For Avowed Developer, Obsidian, Game Pass Is A “Wonderful Opportunity” To Get Broader Player Feedback

We spoke to the studio's game director and art director about the upcoming RPG.

Following the Xbox Games Showcase, which featured a brand new story trailer for Avowed, we were fortunate enough to sit down for a quick chat with those who are bringing this Pillars of Eternity spin-off of sorts to life.

We spoke with the game’s director Carrie Patel as well as Matt Hansen, the art director and the man responsible for that key art.  

It’s worth noting this was a Q&A setting alongside other outlets therefore opportunity for questions was limited. However, we got to ask about departing from the regular Pillars formula, how player agency looks in Avowed, and whether developing for an audience like the one Game Pass has changes things for Obsidian. 

Avowed is looking better and better every time we see it, is the game content complete at this stage?

CP: We are already content complete, we’re just polishing and bug fixing. 

Is there a trepidation that moving away from the Pillars of Eternity formula in favour of an action RPG might alienate some of those original fans? 

CP: Personally I don’t think so. Everybody has different tastes, right? 

We were very heartened by how everybody took to The Outer Worlds, I think folks that enjoyed that style of gameplay and combat are going to enjoy Avowed just as much.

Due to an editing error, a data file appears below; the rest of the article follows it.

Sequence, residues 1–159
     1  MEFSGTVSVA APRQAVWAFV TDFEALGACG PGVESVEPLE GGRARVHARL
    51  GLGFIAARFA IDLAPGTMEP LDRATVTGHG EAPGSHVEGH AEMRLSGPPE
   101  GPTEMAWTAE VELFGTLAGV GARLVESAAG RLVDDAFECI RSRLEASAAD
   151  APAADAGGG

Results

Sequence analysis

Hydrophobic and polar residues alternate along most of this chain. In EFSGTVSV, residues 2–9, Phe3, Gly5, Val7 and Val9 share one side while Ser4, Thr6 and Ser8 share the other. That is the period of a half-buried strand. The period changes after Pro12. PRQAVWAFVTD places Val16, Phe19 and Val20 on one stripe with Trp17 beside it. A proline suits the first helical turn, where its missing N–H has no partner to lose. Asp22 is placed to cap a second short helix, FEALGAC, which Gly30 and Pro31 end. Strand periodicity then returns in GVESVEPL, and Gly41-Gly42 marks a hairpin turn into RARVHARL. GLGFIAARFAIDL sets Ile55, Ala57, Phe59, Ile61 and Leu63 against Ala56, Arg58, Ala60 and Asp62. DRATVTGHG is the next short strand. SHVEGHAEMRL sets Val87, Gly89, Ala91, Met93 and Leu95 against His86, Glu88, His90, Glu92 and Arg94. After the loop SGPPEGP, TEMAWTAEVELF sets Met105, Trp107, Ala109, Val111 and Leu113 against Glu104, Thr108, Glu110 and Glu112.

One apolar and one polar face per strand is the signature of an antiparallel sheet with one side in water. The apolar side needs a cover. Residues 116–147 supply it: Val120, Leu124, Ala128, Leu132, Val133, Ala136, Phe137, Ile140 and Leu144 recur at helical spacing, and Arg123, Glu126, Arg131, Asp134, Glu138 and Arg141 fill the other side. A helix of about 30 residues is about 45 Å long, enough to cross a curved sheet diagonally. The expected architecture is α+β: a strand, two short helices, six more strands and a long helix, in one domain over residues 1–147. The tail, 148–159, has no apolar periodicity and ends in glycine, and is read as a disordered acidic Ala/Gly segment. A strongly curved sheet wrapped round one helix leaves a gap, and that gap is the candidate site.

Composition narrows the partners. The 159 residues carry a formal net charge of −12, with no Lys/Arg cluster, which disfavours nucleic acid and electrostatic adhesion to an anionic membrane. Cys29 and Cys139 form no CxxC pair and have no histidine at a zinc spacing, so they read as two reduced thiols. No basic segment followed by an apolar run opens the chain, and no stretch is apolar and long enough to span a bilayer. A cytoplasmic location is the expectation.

The art direction, for me, has been personally so eye-grabbing and the response to that key art has been enormous. Is that gratifying for you as a creative? 

MH: Tremendously so, it felt so good. I mean we took a lot of creative risk with the key art and I was so grateful Microsoft supported that for us. Because at any point they could have been like: “Keep it tame,” right? 

One of the things we want to do with this game is embrace the weird of the world and that was a good opportunity to do that. Obviously with the art throughout as well, there’s a lot of commentary on how colourful the game is. That’s been a really cool opportunity to explore a fantasy setting in a non-traditional visual approach. 

And you’ve seen this throughout the franchise, Pillars was a very hero-centric, typical Western fantasy. It was very Dramanic, while in Deadfire we moved into more Polynesian flavours. In Avowed we’re continuing that trend by pulling in so many inspirations from world cultures throughout history and it’s a really satisfying process and it’s very satisfying to see people responding to it the way that they have. 

What are some examples of player agency or choice that are present throughout Avowed?